Five-and-a-Half Myths about Ultra-Orthodox Jews

They’re not anti-Zionist. They’re not right-wing extremists. They’re not even against birth control.

December 15, 2014 | Yehoshua Pfeffer
About the author: Yehoshua Pfeffer, a rabbi and rabbinical judge, holds a law degree from the Hebrew University and clerked at the Israel Supreme Court. He has taught at a number of yeshivas, published widely on Jewish law and thought, and is currently directing programs for the haredi community in Israel for the Tikvah Fund.
This is a response to Are the Ultra-Orthodox the Key to Israel's Future?, originally published in Mosaic in December 2014

Haredi Jews at a demonstration in Jerusalem on March 2, 2014. Photo by Menahem Kahana/AFP/Getty Images.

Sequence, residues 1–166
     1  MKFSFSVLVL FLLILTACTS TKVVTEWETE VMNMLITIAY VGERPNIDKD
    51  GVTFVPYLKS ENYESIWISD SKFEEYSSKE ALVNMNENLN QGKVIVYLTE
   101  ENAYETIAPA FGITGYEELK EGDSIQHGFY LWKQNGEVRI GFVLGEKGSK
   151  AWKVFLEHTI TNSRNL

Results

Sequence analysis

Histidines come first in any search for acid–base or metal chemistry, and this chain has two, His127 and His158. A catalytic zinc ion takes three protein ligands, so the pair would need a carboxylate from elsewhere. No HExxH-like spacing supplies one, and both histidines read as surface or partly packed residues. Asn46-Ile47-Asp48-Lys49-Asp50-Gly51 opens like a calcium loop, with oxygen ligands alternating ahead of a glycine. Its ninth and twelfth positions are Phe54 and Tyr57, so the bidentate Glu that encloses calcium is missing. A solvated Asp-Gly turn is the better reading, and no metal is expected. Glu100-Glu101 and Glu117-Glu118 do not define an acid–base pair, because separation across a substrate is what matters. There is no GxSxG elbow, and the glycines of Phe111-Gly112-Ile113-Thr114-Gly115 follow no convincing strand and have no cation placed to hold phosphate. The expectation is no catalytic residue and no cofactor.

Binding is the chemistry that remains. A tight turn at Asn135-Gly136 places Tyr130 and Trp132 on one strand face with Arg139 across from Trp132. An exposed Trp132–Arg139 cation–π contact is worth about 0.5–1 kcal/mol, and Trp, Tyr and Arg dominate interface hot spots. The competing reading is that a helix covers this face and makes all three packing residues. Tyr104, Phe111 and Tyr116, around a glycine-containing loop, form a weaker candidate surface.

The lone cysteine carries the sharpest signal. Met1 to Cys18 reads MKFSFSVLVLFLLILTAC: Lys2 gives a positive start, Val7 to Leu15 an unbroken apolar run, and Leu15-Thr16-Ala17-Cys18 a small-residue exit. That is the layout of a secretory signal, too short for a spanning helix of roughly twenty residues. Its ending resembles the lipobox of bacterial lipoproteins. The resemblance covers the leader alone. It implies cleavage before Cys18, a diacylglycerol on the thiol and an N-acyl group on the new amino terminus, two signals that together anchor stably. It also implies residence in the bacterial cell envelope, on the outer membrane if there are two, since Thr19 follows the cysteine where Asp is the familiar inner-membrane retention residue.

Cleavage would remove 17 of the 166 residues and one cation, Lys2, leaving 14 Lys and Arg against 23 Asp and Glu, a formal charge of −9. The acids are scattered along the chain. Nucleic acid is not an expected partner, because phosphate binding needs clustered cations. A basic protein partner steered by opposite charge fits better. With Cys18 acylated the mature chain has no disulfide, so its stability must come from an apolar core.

Aharon Ariel Lavi’s essay, “Are the Ultra-Orthodox the Key to Israel’s Future?” is a welcome contribution to what has become a crowded field. Indeed, the ultra-Orthodox (haredi) community in Israel has become something of a Jewish obsession of late—and for perfectly understandable reasons. Living for the most part in insular neighborhoods, wearing exotic clothes and adhering to exotic practices, this large and rapidly growing group of strictly traditionalist Jews provides a tantalizing subject for journalists as well as filmmakers, fiction writers, and television producers. The news media are particularly committed to exposing the foibles—the more salacious, the better—of the so-called “haredi world.”

Welcome to Mosaic

Create a free account to continue reading and you'll get two months of unlimited access to the best in Jewish thought, culture, and politics

Register Already a subscriber? Sign in now